At this point, I've burned all types of wood, but in the beginning, when [I went] out looking, the cheapest wood to get was pine. Great price but terrible to burn! I'm not saying it can't be done, but it has choppy grains, soft spots, and sappy/sticky spots. Not cool! I thought, well, hard woods like oak, hickory, or maple must be the way to go! They are beautiful and smell really, really good when burning, but take forever to burn! I didn't know much about American basswood, but the crafts stores carried it and it was just slightly more expensive than pine. It comes routed or with wood/bark edges, which frame a burning nicely. But what won me over is how smooth it burns. You can get a nice dark burn or a gentle soft burn. Putting all the factors together, that was the wood for me. The worst smelling wood is gunstocks! Most are made from walnut and they just don't give off that nice wood burning stove smell.
I've dabbled in this, and yes, the smell cannot be beat. Do you wear a mask when you burn? Or has finding the right piece of wood saved you from those random plumes of evil smoke that sting the eyes?
When I'm light burning I don't wear a mask. When I switch to medium or dark burning, I wear a N95 respirator. When it comes to burning color, I wear a 3M 2091 P100 respirator. The colors are all chemical based, and you don't want to breath that in. That is the reason most coloring is done after the burning. I want to capture vivid colors and I found the best way for me to do that is by contour burning, and then adding the colors as a vibrant to light stain. Then coming back and doing the actual burning.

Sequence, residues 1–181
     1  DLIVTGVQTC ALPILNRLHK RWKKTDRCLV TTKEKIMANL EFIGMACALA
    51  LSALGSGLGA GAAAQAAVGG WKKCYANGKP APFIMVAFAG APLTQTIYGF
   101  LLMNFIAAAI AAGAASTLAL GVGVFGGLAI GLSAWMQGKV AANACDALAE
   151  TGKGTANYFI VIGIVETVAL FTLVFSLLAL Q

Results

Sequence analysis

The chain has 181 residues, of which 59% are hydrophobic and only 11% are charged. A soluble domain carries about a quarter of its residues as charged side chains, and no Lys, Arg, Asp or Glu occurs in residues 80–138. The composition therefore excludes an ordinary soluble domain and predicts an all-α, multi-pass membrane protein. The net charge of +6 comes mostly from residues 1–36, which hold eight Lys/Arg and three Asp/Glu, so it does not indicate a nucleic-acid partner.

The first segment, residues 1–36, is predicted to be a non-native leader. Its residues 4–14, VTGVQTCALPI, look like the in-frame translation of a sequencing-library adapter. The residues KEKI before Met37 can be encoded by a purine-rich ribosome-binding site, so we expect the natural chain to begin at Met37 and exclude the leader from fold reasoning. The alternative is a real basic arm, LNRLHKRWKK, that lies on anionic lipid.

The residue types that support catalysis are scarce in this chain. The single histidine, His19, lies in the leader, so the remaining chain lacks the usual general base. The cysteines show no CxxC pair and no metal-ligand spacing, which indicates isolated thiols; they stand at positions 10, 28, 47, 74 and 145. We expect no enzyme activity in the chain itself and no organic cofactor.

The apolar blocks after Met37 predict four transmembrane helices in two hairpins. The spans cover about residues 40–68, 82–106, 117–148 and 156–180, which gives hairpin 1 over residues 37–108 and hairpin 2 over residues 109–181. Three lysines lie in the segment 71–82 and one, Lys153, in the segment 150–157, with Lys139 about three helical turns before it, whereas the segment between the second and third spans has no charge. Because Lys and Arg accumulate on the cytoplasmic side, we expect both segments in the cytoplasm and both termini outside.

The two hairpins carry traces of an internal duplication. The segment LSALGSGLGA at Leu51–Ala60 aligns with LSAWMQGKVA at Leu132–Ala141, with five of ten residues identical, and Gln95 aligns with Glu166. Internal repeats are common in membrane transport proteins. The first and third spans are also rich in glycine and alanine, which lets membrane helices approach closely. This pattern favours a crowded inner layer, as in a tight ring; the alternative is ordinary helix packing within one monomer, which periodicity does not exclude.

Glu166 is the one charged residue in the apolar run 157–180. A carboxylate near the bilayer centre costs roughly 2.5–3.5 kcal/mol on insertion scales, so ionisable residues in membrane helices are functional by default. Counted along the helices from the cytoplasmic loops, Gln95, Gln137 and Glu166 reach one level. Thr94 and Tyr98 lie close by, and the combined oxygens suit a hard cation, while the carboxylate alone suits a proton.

So you're saying the colors aren't simply painted over your burned art? They're also burned in?
Yup! I do light contour burning of the image. This keeps the color from “running” the grain and going where it doesn’t belong. I paint the image like a normal painting minus the darks and lights. The values will be burned into the color and into the wood. I always say the color is “injected” into the wood because it is part of the piece not just painted on top.
I'm going to pretend I understood all of that, and move on to a lightning round before we bring this to a close. Sprinkles or jimmies?
Sprinkles! I don't know what a Jimmie is!
Sprinkles are for winners....
Rainbow or chocolate?
Cup or cone?
Cone. You can't eat a cup!
Sherbet or sherbert?
I had to look this trick question up! Sherbert!
And your ultimate sundae includes the following toppings:
Hot fudge! And I only really want the hot fudge, the ice cream is just a holder....
A bold take! And a perfect time to conclude our chat. Thanks again, Michael, for jumping in on Ice Cream Social.
Thank you! Grateful to be part of the ICS!
Candy cigarettes were first developed in the late-19th century. This item from The American Stationer describes the earliest version of sweet cigs as "a cylinder of chocolate wrapped in a paper resembling cigarettes paper."
Cigarette companies often lent their art specs to candy manufacturers to replicate logos and packaging. As negative press increased, the candy makers ever-so-slightly altered the art, and recognizable brands like Marlboro and Pall Mall had sugary analogs in "Marboro" and "Pell Mell".
The "Candy Cigarette Act" of 1970 failed to ban the confection in the US. A 1991 attempt was also thwarted.
The word "cigarettes" was replaced with "sticks" soon after the 1970 bill, in an effort to shake their diabolical reputation.
St. Paul, MN, has banned the sale of tobacco-themed candy since 2009.
What do you call cheese that's not yours?
Michael O'Shields is a full-time independent artist and devourer of pop culture whose talents are on display over at geekburning.com. You can keep up with his incredible woodburned work – including progress shots – and upcoming appearances at Facebook, Instagram, and Twitter. Email him directly for commission inquiries.